05 October 2013

GGF #5: “X” Is The Opposite Of Fun

A closely related tenet to #4 is this one.  It’s come out in many variations, but the gist of things is what you see in many Internet debates: arguments which boil down to “Realism isn’t fun,” “artistic expression isn’t fun,” “immersion isn’t fun,” “narrativism isn’t fun,” “ backgrounds aren’t fun,” “originality isn't fun,” and so on and so forth.

Now while I take the whining with a great deal of salt -- you will never, ever convince me, for instance, that someone who’s mastered the character creation and combat rules of a multi-hundred page corebook is grotesquely inconvenienced to the point of insult by the GM asking him to read five pages of background material -- that much isn’t a fallacy, per se.  What is fun for you is what is fun for you, and that’s a true thing no one ought to gainsay.

What is the fallacy is the premise that Only The Type Of Gaming I Do Is Fun, which leads inexorably to “... and every other kind is Not Fun,” which leads inexorably to “... and no one with a lick of sense could possibly like them.”  It’s also married to a curious anti-intellectualism.  Curious, even though anti-intellectualism is a profound element of American culture, because one would think that the average gamer, who fancies himself smarter than the mundanes -- and indeed openly prides himself on being smarter than the mundanes -- wouldn’t himself disparage scholarship, excellence, artistry or taking pains.

Yet he does so.  Often.  (That is, when he’s not riding absurd, tunnel vision hobby horses, such as that of a certain celebrated game designer who wrote his system to include about a half dozen types of sword, and a dozen types of polearm.  Many of you know whereof I speak.)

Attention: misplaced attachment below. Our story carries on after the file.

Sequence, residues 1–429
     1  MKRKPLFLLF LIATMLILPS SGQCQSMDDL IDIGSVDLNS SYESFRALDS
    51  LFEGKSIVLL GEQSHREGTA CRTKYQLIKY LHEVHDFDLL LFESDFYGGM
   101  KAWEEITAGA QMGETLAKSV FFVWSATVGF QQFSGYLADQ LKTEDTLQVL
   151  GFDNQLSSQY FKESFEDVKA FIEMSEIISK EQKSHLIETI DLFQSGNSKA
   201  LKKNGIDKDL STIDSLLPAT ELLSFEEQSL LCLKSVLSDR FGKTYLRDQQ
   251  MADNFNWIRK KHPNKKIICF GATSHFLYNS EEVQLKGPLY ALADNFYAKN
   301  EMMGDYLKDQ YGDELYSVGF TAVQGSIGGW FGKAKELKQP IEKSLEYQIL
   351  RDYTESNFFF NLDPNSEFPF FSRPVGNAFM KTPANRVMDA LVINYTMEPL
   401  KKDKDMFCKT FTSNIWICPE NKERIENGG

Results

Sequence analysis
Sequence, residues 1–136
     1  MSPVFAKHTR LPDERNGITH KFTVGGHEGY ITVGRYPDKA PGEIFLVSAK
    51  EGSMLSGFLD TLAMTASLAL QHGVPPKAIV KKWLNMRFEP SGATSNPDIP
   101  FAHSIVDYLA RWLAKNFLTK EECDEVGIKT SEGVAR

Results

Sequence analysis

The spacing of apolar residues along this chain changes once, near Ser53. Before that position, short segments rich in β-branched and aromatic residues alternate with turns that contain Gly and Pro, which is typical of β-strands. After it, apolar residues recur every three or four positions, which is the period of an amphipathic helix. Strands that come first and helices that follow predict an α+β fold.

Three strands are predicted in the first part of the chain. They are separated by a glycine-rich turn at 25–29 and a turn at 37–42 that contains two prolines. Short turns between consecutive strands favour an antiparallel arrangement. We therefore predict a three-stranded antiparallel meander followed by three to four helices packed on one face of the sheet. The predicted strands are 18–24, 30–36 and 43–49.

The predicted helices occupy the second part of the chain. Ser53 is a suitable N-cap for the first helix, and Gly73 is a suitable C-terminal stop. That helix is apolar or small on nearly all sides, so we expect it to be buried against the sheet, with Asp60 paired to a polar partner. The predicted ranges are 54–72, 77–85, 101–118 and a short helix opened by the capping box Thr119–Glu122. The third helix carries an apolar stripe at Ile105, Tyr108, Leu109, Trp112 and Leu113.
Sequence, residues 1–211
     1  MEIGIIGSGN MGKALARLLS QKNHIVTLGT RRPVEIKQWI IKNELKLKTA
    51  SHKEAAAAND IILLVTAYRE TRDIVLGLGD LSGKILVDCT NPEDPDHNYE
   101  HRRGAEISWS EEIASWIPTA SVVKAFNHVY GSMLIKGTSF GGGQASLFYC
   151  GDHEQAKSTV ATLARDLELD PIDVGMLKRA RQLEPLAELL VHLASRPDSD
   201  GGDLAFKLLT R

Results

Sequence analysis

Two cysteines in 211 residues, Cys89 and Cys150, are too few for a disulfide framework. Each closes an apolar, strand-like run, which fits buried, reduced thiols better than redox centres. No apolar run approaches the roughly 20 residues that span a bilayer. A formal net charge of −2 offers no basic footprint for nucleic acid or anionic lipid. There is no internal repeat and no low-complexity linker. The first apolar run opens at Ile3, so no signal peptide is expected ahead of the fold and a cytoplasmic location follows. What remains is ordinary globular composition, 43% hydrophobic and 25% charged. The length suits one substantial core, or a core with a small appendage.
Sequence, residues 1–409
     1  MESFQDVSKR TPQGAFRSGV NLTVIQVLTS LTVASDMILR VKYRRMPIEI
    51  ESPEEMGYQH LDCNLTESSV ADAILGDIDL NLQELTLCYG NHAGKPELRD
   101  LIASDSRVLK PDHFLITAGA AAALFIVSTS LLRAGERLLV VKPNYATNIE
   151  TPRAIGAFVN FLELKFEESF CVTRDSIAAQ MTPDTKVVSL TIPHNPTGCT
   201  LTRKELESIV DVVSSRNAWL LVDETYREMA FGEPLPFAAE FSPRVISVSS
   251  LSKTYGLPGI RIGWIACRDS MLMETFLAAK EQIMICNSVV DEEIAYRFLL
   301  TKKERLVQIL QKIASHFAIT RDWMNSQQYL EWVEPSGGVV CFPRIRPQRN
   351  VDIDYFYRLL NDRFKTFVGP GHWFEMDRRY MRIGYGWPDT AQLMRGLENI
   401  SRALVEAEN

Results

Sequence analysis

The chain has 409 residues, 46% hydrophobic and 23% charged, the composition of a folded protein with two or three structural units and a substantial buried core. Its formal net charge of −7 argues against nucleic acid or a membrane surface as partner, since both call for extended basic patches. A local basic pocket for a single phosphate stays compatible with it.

Seriously, how often do you see people pull this sort of garbage outside of gaming?  "Football isn't fun" just because you prefer hockey or NASCAR?  "Rock isn't fun" only because you prefer jazz or folk?   How would you react if you heard someone assert that people who liked Italian food were dopes, because he liked Greek food?  You'd think he was a moron, wouldn't you, and not because of any deficiency of Greek cuisine?

C'mon, folks, is it that hard to wrap your heads around the concept that certain people want to play certain styles?  That a whole lot of people have found the games they want to play, they neither feel a need to, or have any desire to, experiment with others, and they resent the hell out of the implication that there's something wrong with them for it?  Heck, there's even some other basic issues: for example, my wife -- having been exposed to too many loudmouthed ubergeeks in her formative years -- has a violent dislike of Doctor Who.  Period, end of statement.  (I watch downloads to my computer while she's off watching her own shows.)  Would some of you catcall her nonetheless for refusing to buy into a Doctor Who game?

(My wife's comment to a forum thread about the theme: "Everyone has a couple I-like-what-I-likes. I'm sure some of those posters have the one brand of breakfast cereal they always eat or the one brand of jeans they always wear, and they'd be mad if they were told something was wrong with them because of that.  So let me get this straight. Some people are mad at their friends for not wanting to try new things. Really? Or is it that they're mad because their friends don't want to play what they want to play? Why are their friends in the wrong for not wanting to conform when they don't want to conform themselves?")


And there you have them; the Gaming Geek Fallacies.

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